The clothing industry contributes greatly to carbon emissions and global warming on the environment due to the long and varied supply chains of production, raw material extraction, textile manufacture, clothing construction, shipping, retail, use and ultimately disposal of the garment. My little effort to make this planet a place of beauty is challenging and not enough but we strive for it and are excited about the future
Materials we use in our garments:
Organic cotton farming uses less water compared to conventional cotton. With no use of pesticides, unlike conventional, which is responsible for 25% of the world’s pesticide consumption, in addition not using insecticides and fertilizers supports the land’s biodiversity
Bamboo is a hardy, highly renewable grass and is generally grown with few chemical inputs. The fabric also has natural antibacterial properties, breathes and is biodegradable. However, toxic chemicals may be used to turn the plant into fabric. The Federal Trade Commission mandates that companies using this process label their products bamboo-based rayon.
Tencel is made from natural cellulose wood pulp and is fully biodegradable. It uses Forest Stewardship Council-certified wood pulp and less-toxic chemicals in a closed-loop process
All the garments I supply have the GOTS certification:
The Global Organic Textile Standard (GOTS) is the worldwide leading textile processing standard for organic fibres, including ecological and social criteria, backed up by independent certification of the entire textile supply chain. The aim of the standard is to define world-wide recognised requirements that ensure organic status of textiles, from harvesting of the raw materials, through environmentally and socially responsible manufacturing up to labelling in order to provide a credible assurance to the end consumer. Textile processors and manufacturers are enabled to export their organic fabrics and garments with one certification accepted in all major markets. Approved are natural fibres that are certified organic and fibres from conversion period certified according to recognised international or national standards and certified by any IFOAM accredited or internationally recognised (according to ISO 65) certifier.
Key criteria for processing and manufacturing include: Environmental Criteria
At all stages through the processing organic fibre products must be separated from conventional fibre products and must to be clearly identified
All chemical inputs (e.g. dyes, auxiliaries and process chemicals) must be evaluated and meeting basic requirements on toxicity and biodegradability/eliminability
Prohibition of critical inputs such as toxic heavy metals, formaldehyde, aromatic solvents, functional nano particles, genetically modified organisms (GMO) and their enzymes
• The use of synthetic sizing agents is restricted; knitting and weaving oils must not contain heavy metals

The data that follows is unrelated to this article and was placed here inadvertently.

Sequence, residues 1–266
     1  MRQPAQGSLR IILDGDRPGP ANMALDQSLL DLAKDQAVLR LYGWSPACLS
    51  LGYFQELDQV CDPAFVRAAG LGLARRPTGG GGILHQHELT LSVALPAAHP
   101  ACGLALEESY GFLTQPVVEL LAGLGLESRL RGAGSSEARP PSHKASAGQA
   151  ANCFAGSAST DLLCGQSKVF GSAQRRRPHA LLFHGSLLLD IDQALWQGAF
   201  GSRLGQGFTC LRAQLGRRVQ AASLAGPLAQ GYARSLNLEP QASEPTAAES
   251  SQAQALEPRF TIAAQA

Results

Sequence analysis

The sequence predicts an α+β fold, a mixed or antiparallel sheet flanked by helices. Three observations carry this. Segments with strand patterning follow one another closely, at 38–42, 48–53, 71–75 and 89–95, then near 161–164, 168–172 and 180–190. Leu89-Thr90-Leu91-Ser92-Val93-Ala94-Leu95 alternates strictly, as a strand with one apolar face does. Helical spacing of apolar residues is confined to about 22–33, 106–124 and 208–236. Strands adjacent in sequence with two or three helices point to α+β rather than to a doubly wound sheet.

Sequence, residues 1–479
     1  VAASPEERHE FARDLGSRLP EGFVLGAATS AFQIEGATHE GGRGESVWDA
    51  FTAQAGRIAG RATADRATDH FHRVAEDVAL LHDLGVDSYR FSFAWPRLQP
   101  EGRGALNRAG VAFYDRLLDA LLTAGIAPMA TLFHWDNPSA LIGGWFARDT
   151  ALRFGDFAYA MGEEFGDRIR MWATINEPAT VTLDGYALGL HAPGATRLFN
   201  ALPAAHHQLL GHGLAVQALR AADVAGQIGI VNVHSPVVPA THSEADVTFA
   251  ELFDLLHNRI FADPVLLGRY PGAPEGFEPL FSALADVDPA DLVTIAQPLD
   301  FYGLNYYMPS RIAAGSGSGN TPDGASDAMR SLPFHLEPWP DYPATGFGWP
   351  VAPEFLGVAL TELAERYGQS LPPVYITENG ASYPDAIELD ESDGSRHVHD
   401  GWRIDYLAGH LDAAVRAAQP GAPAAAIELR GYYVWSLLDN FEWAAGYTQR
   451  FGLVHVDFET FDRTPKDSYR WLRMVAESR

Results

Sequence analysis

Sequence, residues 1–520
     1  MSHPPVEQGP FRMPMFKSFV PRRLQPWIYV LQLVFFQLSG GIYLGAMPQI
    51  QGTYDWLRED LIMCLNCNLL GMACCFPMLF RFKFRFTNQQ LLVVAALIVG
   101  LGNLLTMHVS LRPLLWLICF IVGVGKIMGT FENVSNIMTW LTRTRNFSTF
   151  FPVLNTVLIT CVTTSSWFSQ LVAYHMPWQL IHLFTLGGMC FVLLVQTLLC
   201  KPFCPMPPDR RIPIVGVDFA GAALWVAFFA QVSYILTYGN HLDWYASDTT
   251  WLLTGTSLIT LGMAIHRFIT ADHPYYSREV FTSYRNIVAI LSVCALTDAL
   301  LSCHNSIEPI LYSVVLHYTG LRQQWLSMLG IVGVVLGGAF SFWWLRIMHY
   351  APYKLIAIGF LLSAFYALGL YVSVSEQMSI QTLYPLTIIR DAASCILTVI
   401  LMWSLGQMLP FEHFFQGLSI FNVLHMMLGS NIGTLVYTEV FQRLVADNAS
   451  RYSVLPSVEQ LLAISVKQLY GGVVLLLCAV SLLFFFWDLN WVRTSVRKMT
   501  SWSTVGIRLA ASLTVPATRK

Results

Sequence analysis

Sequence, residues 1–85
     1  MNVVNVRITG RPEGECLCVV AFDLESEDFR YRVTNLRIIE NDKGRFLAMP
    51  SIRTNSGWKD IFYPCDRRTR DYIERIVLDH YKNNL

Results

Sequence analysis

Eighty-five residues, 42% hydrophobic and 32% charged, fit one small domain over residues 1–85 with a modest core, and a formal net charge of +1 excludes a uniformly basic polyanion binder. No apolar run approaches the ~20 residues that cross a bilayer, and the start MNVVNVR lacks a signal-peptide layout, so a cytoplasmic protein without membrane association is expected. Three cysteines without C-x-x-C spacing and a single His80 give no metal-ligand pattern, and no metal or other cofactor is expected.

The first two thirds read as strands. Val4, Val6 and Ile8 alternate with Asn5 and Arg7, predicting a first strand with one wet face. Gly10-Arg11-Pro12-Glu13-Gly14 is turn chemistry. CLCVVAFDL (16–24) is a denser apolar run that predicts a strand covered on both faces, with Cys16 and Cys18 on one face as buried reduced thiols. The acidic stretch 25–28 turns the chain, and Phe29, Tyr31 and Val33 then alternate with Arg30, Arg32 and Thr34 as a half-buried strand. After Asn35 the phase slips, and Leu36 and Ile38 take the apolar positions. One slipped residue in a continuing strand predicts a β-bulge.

Bleaches must be based on oxygen (no chlorine bleaching)
Azo dyes that release carcinogenic amine compounds are prohibited
Discharge printing methods using aromatic solvents and plastisol printing methods using phthalates and PVC are prohibited
Restrictions for accessories (e.g. no PVC, nickel or chrome permitted)
All operators must have an environmental policy including target goals and procedures to minimise waste and discharges
Wet processing units must keep full records of the use of chemicals, energy, water consumption and waste water treatment, including the disposal of sludge. The waste water from all wet processing units must be treated in a functional waste water treatment plant.
Packaging material must not contain PVC. Paper or cardboard used in packaging material, hang tags, swing tags etc. must be recycled or certified according to FSC or PEFC Technical Quality and Human Toxicity Criteria
Technical quality parameters must be met (s.a. rubbing, perspiration, light and washing fastness and shrinkage values)
Raw materials, intermediates, final textile products as well as accessories must meet stringent limits regarding unwanted residues
Minimum Social Criteria Minimum social criteria based on the key norms of the International Labour Organisation (ILO) must be met by all processors and manufacturers, including at farm level. They must have a social compliance management with defined elements in place to ensure that the social criteria can be met. For adequate implementation and assessment of the following social criteria topics the listed applicable key conventions of the International Labour Organization (ILO) have to be taken as the relevant basis for interpretation.
• Employment is freely chosen
• There is no forced or bonded labour
• Freedom of association and the right to collective bargaining are respected
• Working conditions are safe and hygienic
• Child labour must not be used
• Living wages
• Working hours are not excessive
• No discrimination is practised
• Regular employment is provided
• Harsh or inhumane treatment is prohibited Quality Assurance System Generally a company participating in the GOTS certification scheme must work in compliance with all criteria of the standard.
GOTS relies on a dual system to check compliance with the relevant criteria consisting of on-site auditing and residue testing.